Up to 35% of women experience stress urinary incontinence, and it can get worse as we get older or with certain exercises.
Pelvic floor exercise is the recommended first-line treatment for women with SUI. A pelvic floor physical therapist will evaluate strength, coordination, and muscular tone and prescribe appropriate therapy. Since there are different types of incontinence, including stress (coughing, sneezing, jumping), urge (a strong “I gotta go!” feeling), and mixed (both types), therapies vary. “Kegels are just one piece of the puzzle,” Crystal Liang, D.P.T., a physical therapist with Sloane Stecker Physical Therapy in New York, says. Other treatments include regaining muscle coordination, urge-suppression techniques, and healthy bladder and bowel habits, including diet and timing voiding intervals.
While Liang recommends that symptomatic individuals consult with a pelvic floor physical therapist before starting rehabilitation techniques, most people can benefit from strengthening the pelvic floor, like any other muscle group. Kegels remain the gold standard of pelvic floor training. (See “The Right Way to Kegel,” below.)
Just as with your strength routine, you can break your Kegels into sets and reps, says Liang. Work up to three sets of 10 reps a day.
The Right Way to Kegel
1. ID Your Target
Kegels strengthen the pelvic floor muscles, which extend from inside the pubic bone to the anus and around the vagina, urethra, and rectum like a hammock. They tighten and relax to control the flow of urine—so one easy way to find them is to try to stop your pee midstream. The exercises should feel the same way.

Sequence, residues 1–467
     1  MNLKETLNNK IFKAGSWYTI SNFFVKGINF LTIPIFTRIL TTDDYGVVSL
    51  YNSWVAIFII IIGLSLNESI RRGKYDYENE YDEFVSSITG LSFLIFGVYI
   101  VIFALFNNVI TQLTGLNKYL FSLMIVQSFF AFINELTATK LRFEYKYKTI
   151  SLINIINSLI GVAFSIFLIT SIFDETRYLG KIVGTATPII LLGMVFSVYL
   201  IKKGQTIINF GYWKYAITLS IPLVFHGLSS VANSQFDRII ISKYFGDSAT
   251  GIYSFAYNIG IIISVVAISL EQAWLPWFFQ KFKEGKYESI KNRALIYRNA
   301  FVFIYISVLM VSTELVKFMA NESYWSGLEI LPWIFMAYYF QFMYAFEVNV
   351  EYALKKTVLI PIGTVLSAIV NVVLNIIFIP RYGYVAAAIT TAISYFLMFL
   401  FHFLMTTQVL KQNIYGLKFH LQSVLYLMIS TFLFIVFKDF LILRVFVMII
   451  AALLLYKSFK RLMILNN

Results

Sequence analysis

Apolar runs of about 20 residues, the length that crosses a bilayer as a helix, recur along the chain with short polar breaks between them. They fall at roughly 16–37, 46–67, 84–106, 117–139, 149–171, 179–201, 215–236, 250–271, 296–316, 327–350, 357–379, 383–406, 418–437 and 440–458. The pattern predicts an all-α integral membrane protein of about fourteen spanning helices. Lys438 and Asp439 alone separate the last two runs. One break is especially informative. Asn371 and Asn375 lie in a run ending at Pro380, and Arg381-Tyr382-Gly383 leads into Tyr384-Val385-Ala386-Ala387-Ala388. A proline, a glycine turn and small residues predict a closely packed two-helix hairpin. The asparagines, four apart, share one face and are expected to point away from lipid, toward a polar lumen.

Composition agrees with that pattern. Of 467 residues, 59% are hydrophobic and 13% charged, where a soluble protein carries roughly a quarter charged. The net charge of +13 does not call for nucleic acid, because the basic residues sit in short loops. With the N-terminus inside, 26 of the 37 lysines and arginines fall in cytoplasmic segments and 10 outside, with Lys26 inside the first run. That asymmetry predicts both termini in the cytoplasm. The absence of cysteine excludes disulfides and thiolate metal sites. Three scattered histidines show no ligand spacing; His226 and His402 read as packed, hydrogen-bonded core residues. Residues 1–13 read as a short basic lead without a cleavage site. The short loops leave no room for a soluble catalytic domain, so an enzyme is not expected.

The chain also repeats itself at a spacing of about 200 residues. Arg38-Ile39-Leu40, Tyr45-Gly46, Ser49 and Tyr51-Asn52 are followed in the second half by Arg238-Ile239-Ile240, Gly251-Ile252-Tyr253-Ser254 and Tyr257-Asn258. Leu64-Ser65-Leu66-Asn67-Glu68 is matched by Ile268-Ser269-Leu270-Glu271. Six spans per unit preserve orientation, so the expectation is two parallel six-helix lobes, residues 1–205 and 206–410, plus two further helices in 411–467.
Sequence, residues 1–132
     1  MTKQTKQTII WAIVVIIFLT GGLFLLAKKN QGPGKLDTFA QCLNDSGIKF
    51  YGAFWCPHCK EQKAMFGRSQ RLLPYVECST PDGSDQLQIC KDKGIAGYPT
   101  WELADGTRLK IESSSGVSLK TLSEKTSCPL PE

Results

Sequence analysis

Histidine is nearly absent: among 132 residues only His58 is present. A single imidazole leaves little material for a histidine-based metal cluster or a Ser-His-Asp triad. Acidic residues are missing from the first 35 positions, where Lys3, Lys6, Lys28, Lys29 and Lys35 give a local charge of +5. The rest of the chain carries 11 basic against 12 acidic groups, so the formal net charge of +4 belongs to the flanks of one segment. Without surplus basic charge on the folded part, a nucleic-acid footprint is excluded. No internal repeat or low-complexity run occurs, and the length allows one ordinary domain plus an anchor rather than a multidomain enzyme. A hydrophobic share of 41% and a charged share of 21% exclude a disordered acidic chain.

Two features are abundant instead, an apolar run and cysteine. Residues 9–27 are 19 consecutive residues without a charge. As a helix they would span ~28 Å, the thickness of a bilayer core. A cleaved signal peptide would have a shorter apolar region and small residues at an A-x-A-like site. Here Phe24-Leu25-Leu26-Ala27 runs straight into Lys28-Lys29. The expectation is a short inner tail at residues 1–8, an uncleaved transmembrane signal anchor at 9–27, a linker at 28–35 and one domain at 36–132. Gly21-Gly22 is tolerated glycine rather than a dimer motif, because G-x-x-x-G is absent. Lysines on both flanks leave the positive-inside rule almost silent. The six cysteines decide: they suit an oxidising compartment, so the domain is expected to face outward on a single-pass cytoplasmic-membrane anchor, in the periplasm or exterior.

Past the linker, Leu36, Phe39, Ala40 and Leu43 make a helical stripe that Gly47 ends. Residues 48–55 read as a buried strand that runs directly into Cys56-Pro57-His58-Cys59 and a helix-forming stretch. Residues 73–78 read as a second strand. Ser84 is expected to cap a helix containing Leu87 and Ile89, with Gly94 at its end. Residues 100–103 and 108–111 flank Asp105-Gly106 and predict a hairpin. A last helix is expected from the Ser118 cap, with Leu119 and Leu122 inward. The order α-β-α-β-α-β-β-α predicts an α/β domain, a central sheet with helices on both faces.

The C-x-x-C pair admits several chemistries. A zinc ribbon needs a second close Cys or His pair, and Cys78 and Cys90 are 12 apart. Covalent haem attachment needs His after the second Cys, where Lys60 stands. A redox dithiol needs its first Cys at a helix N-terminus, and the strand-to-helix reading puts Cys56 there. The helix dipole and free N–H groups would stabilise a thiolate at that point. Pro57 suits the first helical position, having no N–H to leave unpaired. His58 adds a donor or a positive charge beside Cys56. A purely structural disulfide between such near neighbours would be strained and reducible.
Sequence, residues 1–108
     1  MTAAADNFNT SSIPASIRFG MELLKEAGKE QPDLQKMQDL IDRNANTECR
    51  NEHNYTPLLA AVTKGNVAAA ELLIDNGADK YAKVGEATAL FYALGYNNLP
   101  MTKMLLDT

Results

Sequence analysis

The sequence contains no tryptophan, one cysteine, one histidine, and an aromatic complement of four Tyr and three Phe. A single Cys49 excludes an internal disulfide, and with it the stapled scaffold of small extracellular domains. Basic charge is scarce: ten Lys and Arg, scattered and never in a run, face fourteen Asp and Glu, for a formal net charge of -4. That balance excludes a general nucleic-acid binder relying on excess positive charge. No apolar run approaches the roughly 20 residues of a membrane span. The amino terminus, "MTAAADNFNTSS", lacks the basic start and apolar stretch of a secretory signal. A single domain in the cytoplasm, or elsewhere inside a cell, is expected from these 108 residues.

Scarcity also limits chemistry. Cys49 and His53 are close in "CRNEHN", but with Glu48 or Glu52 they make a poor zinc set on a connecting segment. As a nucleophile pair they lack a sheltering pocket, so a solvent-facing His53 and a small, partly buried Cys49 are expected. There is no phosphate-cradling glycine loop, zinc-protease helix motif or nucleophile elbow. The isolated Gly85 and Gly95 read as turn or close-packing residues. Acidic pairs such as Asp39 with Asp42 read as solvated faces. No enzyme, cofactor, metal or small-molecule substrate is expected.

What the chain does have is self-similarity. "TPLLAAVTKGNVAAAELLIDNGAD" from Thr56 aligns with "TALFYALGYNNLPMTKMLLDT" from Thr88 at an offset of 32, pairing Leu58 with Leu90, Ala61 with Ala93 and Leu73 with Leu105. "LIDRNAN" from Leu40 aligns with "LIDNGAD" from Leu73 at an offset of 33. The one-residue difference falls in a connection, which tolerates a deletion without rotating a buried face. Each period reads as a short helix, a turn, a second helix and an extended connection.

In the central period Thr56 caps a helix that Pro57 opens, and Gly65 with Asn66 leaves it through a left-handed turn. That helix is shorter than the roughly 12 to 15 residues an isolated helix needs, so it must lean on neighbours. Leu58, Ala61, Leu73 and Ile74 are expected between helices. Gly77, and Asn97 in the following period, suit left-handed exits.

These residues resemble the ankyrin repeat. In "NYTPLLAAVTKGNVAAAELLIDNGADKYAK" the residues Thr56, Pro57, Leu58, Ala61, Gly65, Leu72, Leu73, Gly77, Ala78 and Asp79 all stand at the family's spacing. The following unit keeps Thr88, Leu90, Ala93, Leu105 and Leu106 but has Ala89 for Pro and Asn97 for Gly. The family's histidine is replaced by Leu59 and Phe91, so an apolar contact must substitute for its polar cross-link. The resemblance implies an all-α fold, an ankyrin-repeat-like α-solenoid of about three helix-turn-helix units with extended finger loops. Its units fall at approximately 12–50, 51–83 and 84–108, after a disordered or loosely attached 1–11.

2. Rep It Right
Start by engaging these muscles for three seconds, then relax them fully for four seconds. Build up to 10 to 15 reps and up to a 10-second contraction as the shorter contractions become easier. Make sure you’re fully relaxing between reps. “If you’re in a constant state of contraction, you won’t be able to generate as much muscle power, and you could potentially worsen your symptoms,” Liang says.
3. Vary Your Time Under Tension
Once you get the hang of it, alternate sets of quick reps, which work the fast-twitch muscles, and sets of slow reps, which are more endurance-focused, says Anna Ribaudo, D.P.T., a physical therapist at the Hospital for Special Surgery in New York.
4. Change Your Position
“Switch up your body stance when you do the Kegels,” Ribaudo recommends. The beauty of Kegels, she notes, is that you can do them anywhere—waiting for a light to cross the street, sitting at your desk, standing in line at the store, or lying on the couch watching TV. “Doing your Kegels in different positions puts varying forces on the muscles to increase the challenge.”
5. Get With the Program
Once you get the hang of the Kegel, incorporate them into other muscle strengtheners like bridges, clamshells, and even squats to get an even deeper benefit, says Liang. It’s also important to engage your deep abdominals like the transverse abdominis, or TA, muscles, adds Ribaudo. “When you get your TA to turn on, it makes the pelvic floor stronger.”